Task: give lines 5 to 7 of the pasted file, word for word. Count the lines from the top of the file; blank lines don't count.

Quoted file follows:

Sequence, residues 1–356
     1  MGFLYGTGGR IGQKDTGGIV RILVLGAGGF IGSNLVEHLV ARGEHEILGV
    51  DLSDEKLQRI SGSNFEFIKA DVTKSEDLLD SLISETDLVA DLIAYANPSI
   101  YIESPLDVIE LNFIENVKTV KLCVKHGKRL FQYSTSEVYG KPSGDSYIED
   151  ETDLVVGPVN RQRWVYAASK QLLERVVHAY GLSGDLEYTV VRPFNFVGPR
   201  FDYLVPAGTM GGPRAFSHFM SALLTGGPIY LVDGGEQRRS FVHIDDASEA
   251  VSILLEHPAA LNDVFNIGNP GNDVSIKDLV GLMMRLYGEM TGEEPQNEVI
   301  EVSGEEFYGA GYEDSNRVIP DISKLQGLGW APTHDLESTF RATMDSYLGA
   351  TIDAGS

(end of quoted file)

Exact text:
   151  ETDLVVGPVN RQRWVYAASK QLLERVVHAY GLSGDLEYTV VRPFNFVGPR
   201  FDYLVPAGTM GGPRAFSHFM SALLTGGPIY LVDGGEQRRS FVHIDDASEA
   251  VSILLEHPAA LNDVFNIGNP GNDVSIKDLV GLMMRLYGEM TGEEPQNEVI